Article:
I wake up to a clock that simulates the sunrise and sings gentle bird songs at me. When it works right, I'm a functioning human being. When my cat wakes me up by screaming in my face, I'm a mess. If a new study on alarm tones holds up, then I'm not alone.
Researchers at RMIT University in Australia investigated how alarm tones and wake-up music tie into sleep inertia, which is the feeling of grogginess some people experience in the mornings. The effects of sleep inertia can last for hours, putting a serious drag on the early part of the day.
The team asked 50 participants to fill out an online survey on the type of alarm sound they use. They also rated their grogginess and alertness levels. "You would assume that a startling 'beep beep beep' alarm would improve alertness, but our data revealed that melodic alarms may be the key element. This was unexpected," said RMIT doctoral researcher Stuart McFarlane in a release on Monday.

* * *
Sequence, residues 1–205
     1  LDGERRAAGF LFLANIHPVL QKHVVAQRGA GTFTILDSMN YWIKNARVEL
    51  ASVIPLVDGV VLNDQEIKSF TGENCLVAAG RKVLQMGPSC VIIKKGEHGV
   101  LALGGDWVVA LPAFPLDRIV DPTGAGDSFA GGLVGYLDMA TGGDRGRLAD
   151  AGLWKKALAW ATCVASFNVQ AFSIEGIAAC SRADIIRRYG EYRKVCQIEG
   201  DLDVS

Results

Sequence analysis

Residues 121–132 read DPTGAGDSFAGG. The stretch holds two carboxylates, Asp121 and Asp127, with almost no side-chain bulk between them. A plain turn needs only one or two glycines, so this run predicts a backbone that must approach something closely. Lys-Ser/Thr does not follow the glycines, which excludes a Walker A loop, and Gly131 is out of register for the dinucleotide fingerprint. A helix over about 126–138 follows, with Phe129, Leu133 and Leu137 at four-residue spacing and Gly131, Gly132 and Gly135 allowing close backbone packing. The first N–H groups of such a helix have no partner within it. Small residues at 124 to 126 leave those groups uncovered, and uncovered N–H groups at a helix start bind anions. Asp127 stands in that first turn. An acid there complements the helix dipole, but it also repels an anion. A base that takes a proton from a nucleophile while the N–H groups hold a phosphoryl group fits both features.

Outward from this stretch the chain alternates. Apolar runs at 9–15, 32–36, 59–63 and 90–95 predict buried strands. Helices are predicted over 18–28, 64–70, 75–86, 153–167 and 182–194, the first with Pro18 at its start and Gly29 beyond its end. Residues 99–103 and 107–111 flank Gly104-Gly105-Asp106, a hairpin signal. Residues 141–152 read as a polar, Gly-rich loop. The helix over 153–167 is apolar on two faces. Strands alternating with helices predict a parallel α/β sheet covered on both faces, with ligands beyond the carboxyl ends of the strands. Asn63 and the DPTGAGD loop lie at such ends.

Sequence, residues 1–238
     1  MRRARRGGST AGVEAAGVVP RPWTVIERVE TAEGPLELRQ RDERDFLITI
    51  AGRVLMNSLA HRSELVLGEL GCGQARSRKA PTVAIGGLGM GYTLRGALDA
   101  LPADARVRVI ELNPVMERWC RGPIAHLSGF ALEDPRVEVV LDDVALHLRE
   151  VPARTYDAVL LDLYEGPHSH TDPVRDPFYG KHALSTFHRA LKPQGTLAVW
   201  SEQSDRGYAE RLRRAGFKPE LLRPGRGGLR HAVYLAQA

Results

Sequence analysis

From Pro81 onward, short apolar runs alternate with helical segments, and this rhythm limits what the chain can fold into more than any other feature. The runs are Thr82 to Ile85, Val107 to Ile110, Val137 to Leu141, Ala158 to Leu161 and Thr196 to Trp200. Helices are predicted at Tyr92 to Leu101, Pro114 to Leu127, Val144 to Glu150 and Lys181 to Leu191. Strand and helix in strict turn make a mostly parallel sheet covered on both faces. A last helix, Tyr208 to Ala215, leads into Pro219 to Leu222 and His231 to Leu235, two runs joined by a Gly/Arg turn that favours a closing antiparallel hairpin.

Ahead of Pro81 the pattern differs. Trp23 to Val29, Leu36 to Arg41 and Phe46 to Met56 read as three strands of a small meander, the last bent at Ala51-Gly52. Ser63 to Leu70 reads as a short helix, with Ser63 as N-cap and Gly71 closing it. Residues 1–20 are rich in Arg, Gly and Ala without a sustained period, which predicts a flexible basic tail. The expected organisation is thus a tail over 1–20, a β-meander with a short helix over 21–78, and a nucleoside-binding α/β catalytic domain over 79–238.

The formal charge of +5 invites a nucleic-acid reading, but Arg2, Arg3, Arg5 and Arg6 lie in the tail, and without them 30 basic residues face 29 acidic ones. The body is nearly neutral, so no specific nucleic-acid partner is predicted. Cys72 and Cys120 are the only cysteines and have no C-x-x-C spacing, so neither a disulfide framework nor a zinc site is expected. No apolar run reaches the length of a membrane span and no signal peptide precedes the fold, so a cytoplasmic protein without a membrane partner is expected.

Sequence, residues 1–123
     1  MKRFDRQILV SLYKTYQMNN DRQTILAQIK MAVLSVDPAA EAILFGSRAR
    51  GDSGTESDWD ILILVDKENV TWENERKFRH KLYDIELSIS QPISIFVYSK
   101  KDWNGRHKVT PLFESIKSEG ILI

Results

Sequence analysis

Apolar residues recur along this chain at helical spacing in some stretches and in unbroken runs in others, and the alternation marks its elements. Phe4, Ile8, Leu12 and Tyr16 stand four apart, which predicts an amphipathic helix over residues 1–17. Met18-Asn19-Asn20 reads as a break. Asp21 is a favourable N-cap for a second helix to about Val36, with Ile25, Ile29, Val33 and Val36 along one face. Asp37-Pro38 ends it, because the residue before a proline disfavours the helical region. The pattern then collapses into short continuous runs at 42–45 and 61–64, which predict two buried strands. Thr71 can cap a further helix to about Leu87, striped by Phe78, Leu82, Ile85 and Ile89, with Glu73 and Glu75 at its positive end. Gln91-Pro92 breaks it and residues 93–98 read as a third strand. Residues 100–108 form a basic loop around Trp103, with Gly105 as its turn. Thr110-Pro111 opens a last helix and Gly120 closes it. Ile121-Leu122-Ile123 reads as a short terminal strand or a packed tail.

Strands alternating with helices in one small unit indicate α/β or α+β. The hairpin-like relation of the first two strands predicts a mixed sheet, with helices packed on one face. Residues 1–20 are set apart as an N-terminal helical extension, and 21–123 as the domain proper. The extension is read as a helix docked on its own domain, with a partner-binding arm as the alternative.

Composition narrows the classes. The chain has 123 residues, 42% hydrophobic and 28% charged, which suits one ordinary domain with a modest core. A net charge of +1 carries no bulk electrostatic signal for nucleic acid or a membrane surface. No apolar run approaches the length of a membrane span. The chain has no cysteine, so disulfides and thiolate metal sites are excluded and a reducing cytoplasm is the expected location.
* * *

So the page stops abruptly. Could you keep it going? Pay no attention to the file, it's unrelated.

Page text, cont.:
The researchers published the results of the study in the journal PLOS One last week. The team isn't drawing hard and fast conclusions from the data just yet, but is calling for further study into how alarm tones, sounds and music play into sleep inertia.
"We think that a harsh 'beep beep beep' might work to disrupt or confuse our brain activity when waking, while a more melodic sound like the Beach Boys 'Good Vibrations' or The Cure's 'Close to Me' may help us transition to a waking state in a more effective way," said study co-author Adrian Dyer, an associate professor at RMIT.
This doesn't necessarily mean you should abandon your shrieking banshee of an alarm, but it might be worth experimenting with some rhythmic and melodic wake-up music instead.